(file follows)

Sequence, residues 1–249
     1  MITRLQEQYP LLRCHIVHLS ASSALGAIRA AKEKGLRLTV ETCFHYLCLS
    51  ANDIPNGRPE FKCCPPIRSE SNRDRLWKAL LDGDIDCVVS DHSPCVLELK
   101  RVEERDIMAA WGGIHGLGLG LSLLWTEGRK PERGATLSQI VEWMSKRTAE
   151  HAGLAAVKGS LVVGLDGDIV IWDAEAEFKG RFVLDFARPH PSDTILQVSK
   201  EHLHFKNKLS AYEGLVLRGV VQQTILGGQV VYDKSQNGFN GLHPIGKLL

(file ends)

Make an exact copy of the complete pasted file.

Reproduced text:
Sequence, residues 1–249
     1  MITRLQEQYP LLRCHIVHLS ASSALGAIRA AKEKGLRLTV ETCFHYLCLS
    51  ANDIPNGRPE FKCCPPIRSE SNRDRLWKAL LDGDIDCVVS DHSPCVLELK
   101  RVEERDIMAA WGGIHGLGLG LSLLWTEGRK PERGATLSQI VEWMSKRTAE
   151  HAGLAAVKGS LVVGLDGDIV IWDAEAEFKG RFVLDFARPH PSDTILQVSK
   201  EHLHFKNKLS AYEGLVLRGV VQQTILGGQV VYDKSQNGFN GLHPIGKLL